Here is a question to the blog clinic fast track from Alex (not his real name) who is a landlord:
My question concerns a mismanaged trust in the northeast which relates to one terraced unimproved 1930s dwelling.
I want to know, please, the best method of reaching an agreement with a longstanding registered tenant who is elderly but well informed about recent legislation.
Is it feasible to agree to a surrender of the protected tenancy (by deed?) at an agreed (low) sum reflecting the poor state of repair and for original design reasons uneconomic to comply with safety requirements with a simultaneous transfer of the freehold to the tenant subject to he not making formal claim or dispute.
I am assuming a market in the investment does not exist and that inspections and other compliance is impractical for reasons of distance, Covid 19 and low return on efforts.
My solicitor is not proving to be much assistance.
The trust property was inherited and it is more important to act quickly to avoid liabilities, rather than release capital.
I am assuming that this is a tenant who has been in occupation since before 15 January 1989 and who therefore has a protected tenancy under the Rent Act 1977.
These tenants are in a very strong position as they have long term security of tenure and there are very few grounds which can be used to evict them.
They have also recently acquired new rights under the Fitness for Human Habitation legislation which I suspect may be the reason why you wish to transfer this property to the tenant.
It is possible, in that it is not illegal, for a transfer of title to be agreed as you suggest. However ‘agreed’ is the critical word.
Your tenant may not be willing to agree. He may not want to own the freehold – perhaps for the very same reason that you want to get rid of it – because he doesn’t want to be responsible for the upkeep. This is quite common with protected tenants.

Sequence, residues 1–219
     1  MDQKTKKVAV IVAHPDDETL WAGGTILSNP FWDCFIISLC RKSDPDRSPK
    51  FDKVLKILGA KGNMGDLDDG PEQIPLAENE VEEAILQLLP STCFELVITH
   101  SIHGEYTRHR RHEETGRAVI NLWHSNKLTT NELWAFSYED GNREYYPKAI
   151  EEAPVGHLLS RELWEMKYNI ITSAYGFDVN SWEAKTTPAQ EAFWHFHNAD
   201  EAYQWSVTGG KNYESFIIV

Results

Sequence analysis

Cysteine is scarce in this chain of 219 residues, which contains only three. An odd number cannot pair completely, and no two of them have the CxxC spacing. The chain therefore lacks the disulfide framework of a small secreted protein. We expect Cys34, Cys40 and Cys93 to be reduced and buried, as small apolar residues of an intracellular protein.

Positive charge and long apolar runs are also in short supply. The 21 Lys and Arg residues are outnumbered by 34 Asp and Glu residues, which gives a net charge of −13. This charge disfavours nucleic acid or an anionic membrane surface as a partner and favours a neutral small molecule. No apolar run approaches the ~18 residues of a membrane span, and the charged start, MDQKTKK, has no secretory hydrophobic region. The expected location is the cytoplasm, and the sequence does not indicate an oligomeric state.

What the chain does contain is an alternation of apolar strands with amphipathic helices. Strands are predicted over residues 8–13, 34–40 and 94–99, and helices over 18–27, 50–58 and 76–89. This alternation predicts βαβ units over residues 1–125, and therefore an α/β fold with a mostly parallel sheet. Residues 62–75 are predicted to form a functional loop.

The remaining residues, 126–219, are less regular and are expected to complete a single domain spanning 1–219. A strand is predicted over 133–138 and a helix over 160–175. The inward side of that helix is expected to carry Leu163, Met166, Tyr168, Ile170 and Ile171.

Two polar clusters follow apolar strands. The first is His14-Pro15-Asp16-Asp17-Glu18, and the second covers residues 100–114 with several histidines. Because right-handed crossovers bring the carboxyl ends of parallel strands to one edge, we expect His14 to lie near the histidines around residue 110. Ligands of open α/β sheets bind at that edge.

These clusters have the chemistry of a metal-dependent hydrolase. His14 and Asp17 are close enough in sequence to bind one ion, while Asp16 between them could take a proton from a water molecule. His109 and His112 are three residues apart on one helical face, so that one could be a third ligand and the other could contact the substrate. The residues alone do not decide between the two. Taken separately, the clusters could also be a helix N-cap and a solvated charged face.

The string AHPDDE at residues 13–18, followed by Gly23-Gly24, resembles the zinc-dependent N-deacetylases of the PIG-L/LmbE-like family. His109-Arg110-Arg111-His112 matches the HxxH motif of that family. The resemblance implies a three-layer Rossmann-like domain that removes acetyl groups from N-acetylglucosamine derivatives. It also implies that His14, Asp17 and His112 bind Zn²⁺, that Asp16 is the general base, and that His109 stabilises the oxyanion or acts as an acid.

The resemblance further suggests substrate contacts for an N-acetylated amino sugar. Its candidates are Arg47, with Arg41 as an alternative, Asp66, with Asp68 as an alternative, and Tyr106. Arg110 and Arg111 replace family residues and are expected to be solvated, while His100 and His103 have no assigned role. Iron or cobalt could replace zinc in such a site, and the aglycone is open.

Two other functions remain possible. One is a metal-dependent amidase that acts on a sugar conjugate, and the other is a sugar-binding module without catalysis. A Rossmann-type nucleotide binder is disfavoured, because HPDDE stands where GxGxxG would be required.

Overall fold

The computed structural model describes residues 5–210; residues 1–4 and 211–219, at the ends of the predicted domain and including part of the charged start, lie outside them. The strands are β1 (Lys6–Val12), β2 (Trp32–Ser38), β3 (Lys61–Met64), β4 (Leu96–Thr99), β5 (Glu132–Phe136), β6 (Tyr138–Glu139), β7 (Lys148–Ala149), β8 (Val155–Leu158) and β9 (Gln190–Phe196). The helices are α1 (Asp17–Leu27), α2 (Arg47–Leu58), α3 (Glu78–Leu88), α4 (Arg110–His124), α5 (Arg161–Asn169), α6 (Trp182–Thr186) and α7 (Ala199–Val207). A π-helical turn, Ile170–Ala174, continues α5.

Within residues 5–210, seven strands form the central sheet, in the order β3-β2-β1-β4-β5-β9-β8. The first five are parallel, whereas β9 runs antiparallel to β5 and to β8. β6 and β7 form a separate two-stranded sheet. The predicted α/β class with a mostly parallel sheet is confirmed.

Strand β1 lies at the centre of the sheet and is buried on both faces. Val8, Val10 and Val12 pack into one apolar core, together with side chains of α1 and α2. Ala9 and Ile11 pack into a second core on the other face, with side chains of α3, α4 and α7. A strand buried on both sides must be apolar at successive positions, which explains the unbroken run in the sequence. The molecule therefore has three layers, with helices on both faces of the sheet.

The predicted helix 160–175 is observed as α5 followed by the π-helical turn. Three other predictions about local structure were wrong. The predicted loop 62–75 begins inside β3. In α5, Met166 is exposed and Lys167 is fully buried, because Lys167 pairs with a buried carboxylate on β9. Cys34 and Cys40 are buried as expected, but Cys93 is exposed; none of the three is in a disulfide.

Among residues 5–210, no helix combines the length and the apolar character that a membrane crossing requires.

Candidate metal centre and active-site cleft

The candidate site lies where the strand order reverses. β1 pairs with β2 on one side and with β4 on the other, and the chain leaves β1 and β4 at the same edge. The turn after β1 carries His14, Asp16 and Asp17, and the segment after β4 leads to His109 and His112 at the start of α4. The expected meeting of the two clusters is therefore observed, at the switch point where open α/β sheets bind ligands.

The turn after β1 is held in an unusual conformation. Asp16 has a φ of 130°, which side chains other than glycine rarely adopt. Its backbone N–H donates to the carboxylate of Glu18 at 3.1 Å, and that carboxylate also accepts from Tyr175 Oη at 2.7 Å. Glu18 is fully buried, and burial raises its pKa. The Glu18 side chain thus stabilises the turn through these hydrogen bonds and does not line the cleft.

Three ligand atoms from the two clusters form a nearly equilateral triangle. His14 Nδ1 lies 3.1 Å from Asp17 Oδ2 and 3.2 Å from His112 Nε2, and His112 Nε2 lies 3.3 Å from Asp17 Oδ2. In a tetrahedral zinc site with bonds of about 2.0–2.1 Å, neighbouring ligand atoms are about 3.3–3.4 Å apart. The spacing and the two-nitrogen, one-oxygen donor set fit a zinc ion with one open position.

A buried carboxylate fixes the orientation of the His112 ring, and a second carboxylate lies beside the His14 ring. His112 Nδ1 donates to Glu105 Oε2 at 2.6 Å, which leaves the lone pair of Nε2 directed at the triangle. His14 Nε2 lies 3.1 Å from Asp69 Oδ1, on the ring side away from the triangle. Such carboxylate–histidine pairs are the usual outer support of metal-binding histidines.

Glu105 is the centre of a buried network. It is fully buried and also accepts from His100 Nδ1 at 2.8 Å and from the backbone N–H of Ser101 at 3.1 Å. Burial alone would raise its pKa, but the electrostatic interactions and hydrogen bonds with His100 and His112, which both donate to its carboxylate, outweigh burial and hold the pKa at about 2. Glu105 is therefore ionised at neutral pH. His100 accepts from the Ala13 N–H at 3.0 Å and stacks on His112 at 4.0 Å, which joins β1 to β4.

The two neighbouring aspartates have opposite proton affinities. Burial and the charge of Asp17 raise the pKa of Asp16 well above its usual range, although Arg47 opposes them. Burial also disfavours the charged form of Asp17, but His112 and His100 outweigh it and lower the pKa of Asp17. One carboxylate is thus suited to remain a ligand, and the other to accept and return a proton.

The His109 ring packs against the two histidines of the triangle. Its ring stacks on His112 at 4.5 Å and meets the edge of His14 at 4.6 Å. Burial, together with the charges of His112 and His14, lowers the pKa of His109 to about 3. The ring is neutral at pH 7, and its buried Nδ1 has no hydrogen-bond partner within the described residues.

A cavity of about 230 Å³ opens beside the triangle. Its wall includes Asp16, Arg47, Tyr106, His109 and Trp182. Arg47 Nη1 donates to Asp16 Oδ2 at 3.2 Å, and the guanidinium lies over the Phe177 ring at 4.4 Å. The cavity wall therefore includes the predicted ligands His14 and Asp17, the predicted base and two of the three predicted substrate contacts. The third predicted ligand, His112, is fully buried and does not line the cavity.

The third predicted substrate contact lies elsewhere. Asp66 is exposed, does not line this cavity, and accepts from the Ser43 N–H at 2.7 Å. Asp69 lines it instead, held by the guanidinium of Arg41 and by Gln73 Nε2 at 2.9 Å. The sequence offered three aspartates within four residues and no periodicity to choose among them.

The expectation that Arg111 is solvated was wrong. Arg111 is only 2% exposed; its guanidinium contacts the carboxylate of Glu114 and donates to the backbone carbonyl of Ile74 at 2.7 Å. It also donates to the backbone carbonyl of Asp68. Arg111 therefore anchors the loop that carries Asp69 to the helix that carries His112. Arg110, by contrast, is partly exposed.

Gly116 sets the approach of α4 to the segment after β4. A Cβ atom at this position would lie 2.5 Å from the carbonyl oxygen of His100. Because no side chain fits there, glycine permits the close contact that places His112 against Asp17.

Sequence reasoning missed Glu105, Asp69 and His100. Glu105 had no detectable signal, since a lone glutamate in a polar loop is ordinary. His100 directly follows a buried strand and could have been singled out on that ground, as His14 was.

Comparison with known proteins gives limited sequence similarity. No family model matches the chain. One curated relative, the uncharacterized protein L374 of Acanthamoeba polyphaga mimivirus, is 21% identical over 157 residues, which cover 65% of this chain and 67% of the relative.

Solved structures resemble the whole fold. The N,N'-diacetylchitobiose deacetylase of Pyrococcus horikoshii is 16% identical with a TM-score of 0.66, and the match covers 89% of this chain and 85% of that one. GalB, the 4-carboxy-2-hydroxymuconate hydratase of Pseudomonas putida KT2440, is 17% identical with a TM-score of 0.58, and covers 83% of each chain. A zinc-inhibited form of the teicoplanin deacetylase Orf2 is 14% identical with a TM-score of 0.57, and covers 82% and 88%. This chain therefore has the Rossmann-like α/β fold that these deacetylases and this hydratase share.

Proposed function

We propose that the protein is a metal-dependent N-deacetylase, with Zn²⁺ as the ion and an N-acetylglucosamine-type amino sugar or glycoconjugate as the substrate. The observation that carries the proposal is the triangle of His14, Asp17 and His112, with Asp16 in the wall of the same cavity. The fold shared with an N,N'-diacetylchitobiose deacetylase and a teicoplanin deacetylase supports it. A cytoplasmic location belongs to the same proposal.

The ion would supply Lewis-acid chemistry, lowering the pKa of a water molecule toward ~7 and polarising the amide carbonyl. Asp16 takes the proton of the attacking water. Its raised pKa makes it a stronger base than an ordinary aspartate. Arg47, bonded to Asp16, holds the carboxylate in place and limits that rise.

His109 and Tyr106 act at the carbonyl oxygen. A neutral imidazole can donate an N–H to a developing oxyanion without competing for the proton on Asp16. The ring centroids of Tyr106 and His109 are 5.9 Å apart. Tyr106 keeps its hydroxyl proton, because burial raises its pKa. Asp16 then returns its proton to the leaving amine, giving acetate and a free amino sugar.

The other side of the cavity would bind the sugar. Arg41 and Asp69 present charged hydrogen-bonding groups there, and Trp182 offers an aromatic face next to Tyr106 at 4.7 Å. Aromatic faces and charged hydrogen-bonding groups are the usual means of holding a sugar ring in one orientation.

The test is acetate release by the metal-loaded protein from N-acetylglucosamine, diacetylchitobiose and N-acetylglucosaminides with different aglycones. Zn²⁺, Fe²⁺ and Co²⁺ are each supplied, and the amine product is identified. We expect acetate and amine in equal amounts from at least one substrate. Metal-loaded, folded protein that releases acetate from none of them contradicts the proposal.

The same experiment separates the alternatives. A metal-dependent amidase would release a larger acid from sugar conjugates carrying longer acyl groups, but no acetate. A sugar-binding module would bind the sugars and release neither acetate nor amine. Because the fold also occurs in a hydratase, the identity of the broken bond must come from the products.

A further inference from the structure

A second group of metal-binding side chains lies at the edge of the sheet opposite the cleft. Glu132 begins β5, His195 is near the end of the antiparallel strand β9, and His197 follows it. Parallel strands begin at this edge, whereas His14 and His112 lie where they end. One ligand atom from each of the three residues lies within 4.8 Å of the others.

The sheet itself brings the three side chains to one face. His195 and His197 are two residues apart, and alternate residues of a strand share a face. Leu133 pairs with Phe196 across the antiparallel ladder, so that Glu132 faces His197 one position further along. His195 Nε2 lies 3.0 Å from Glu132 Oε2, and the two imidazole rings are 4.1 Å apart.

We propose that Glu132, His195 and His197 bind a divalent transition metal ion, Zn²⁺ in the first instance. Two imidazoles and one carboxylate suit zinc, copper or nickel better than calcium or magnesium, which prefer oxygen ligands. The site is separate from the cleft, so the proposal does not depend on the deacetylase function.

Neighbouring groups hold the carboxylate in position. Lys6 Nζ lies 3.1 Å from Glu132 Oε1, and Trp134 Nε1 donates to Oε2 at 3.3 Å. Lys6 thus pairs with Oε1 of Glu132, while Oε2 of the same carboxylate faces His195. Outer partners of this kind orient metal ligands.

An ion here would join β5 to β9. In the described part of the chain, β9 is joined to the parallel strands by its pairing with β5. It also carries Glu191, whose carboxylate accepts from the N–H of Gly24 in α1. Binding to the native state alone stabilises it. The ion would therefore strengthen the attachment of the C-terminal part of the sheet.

In which case, there is not much you can do. If your tenant does not want to take ownership of the property then you cannot force him to.
The only thing I can think of is to sell the property on to someone else. There are companies which will buy up properties where landlords such as yourself are in difficulties. The problem is how to find them!
My service does not involve buying and selling property so I am not in a position to help you find a suitable buyer. But here are some suggestions
- You may want to try posting on Property Tribes as they have a lot of landlords there who may be able to recommend a suitable company.
- It sounds as if your solicitor does not know of anyone, but maybe there is a local Landlords Association in your area which could help you find a buyer? Or a local branch of the National Residential Landlords Association.
- You could also try searching on the internet. I have just done a search with ‘I want to sell my tenanted property” and found two companies who say they will buy tenanted properties from landlords.
Note that any company willing to buy the property will almost certainly be looking for a ‘below market value’ purchase, so the sale price will inevitably be pretty low, but you say you are not concerned about realising capital.
Hopefully, those suggestions may help. Also if anyone reading this post knows of a suitable company who could take the property of Alex’s hands, maybe you could post a comment below.